Krk nightlife doesn't quite match up to Croatia's primo-party island Hvar, but Krk town has crowded bars along the harbour and around nearby Vela Placa, the entrance to the Old Town. Most bars close around 1am. If you want to keep the party going longer, there’s Jungle in Krk town or the Boa in Malinska.
As you cross the high-altitude bridge connecting the Rijeka motorway to Krk island, the sea looks huge, but the tall rocky cliffs that swallow the road ahead are even more imposing. By the time you reach Croatia’s largest and most populous island, the mainland feels miles away. As you might expect, Croatia's largest island packs a decent range of activities and sightseeing destinations, the Baška Aquarium being a choice pick. Read on for our local expert's guide to the best things to do in Krk.
As you cross the high-altitude bridge connecting the Rijeka motorway to Krk island, the sea looks huge, but the tall rocky cliffs that swallow the road ahead are even more imposing. By the time you reach Croatia’s largest and most populous island, the mainland feels miles away. A widely varied group of attractive resort towns awaits. Heavily touristed Krk town has bustling bars, naff souvenir stands and fancy gift shops, arranged in and around ancient buildings. Near Krk island’s southern tip is another busy resort, Baška, with a famous Blue Flag sandy beach: at nearly two kilometres, it’s one of the longest of its kind on the coast. Malinska, with perhaps the island’s best concentration of good restaurants, is less hectic, though it does boast a destination late-night club. Vrbnik is a quieter place to go for gastronomic delights. Omišalj, one of the towns closest to the mainland bridge, is the home of Rijeka’s airport. RECOMMENDED: More great travel destinations in Croatia.
Krk is most known for šurlice, thin tubes of pasta to be eaten with goulash or lamb stew; and the local white wine, Vrbnička, from Vrbnik, best tried in situ at the hilltop village itself The best options in Krk town are on the waterfront, including the Konoba Corsaro,
An 80-year-old family business that has morphed into one of the Kvarner Gulf’s best-known gastronomic destinations, the smart, stylish Rivica is one of those places that strikes an almost perfect balance between local cuisine and modern European fine-dining expectations. The menu is obviously Mediterranean-seafood based, with plenty of favourites from the local recipe books (shrimp and courgette risotto), Kvarner classics such as škampi buzara (scampi in wine sauce), and the odd fusion recipe (a tuna starter with wasabi and soy sauce). If you just want expertly grilled fresh white fish, then Rivica is one of the best places to dig in.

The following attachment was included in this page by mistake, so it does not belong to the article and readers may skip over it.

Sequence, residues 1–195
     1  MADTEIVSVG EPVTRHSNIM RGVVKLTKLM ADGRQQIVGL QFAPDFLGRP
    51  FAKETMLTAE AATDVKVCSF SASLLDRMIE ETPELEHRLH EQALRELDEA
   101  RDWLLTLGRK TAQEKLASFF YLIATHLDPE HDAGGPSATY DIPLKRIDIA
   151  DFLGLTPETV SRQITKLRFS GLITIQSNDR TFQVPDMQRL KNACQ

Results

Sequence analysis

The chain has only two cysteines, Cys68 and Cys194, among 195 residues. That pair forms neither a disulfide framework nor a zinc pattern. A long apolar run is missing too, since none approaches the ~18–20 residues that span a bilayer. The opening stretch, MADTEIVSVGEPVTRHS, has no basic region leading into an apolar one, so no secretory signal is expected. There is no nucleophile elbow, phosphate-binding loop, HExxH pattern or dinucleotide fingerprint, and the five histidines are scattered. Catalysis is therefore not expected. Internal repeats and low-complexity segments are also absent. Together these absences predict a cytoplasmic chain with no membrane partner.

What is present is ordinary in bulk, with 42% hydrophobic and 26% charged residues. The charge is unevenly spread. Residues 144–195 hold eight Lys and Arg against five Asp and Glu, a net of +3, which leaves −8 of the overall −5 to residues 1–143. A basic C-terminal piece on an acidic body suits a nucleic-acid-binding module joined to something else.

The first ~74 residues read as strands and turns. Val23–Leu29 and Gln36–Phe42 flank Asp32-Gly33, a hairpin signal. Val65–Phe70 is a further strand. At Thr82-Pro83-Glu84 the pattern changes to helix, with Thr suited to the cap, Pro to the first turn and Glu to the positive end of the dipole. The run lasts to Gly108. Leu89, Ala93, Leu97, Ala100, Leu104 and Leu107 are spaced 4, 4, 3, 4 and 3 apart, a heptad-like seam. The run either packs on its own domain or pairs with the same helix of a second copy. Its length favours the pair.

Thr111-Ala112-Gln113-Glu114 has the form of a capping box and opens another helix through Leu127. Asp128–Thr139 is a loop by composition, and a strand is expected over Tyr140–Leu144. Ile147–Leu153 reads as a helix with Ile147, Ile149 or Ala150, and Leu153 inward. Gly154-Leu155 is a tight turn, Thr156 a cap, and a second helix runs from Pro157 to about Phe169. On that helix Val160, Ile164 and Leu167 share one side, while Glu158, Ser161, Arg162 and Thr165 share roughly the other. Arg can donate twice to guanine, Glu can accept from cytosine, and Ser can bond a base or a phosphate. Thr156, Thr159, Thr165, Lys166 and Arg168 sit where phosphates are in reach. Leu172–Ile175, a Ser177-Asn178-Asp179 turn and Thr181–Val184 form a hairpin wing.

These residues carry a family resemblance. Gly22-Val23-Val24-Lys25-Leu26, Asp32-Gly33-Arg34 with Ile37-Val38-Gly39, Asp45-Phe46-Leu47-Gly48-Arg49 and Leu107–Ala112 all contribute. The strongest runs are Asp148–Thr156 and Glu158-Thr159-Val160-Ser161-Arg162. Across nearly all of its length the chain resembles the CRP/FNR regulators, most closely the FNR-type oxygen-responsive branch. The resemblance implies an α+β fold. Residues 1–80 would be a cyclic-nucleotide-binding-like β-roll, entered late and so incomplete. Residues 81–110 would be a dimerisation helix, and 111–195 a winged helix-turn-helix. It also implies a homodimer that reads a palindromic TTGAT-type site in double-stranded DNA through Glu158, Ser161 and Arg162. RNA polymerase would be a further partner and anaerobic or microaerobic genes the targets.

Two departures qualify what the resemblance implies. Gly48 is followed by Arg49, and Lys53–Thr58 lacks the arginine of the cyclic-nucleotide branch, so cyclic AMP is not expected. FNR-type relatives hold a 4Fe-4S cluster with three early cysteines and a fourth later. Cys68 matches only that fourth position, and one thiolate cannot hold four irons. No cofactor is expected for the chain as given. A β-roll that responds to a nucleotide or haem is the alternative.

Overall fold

The big terrace by the bustling harbour is not the only asset here – Franica offers some of the better food on tourist-swamped Baška. The seafood menu includes two types of fish platter for two, plus scallops, tuna steak and mackerel. They also focus on old-style recipes from Kvarner and Istria. Local delights, concocted with seasonal ingredients, include a hearty goulash with potatoes Krk-style, and a roasted octopus so rich and filling that, were it not for the taste, you would swear it was beef.
Krk’s tradition of tourism goes back as far as almost anywhere on the coast – they were issuing picture postcards in 1866. After being inhabited by Liburnians, Illyrians, Romans and Croats, Krk was ruled by powerful medieval dukes, the Frankopans, who once held half of modern-day Croatia. Krk town’s walls date to pre-Roman times, and the oldest of the towers in that wall, the square one at Trg Kamplin, was built in 1191. The best-preserved historical site, the three-nave Cathedral of the Assumption, built on the site of an early Christian basilica, dates from the early 1200s, with a bell tower from the 16th to 18th centuries. The Kaštel, with a cylindrical tower, is Venetian, as are the three city gates and the rest of the wall. The Old Town’s squares and main thoroughfare of JJ Strossmayera, now lined with souvenir shops and fast-food outlets, throng with tourists all summer long. Nearby is Punat, where a beautiful bay shelters a large harbour. In the middle is the islet of Košljun, home to a 15th-century Franciscan monastery with a religious treasury. Tourists also pack Baška in the south, Krk island’s other main spot. Its sandy shore, beach towel to beach towel in high season, begins at the harbour edge. You walk to it via a café-lined promenade – in summer you’ll be walking three abreast.
Krk town’s options are mostly resort-style hotels with pools and planned activities. . Recommended is the small, four-star Marina on the harbour. Hoteli Baška own most hotels there, including four-starAtrium Residence Baška. In Malinska, the Malin is now complemented by the Hotel Blue Waves, the major most recent opening on Krk island.
The airport by Omišalj on Krk’s northern tip serves Rijeka. There is no public transport to Krk town, 20km (12 miles) away – a taxi (098 369 730 mobile) should cost something around 300kn. Regular buses run from Rijeka (1hr 20mins) to Krk town, via Malinska and then to Baška. Ferries hop between Valbiska and Merag on Cres (30mins), and Baška and Lopar on Rab (50mins). In high season, a service runs between mainland Crikvenica and Šilo on north-east Krk (30mins).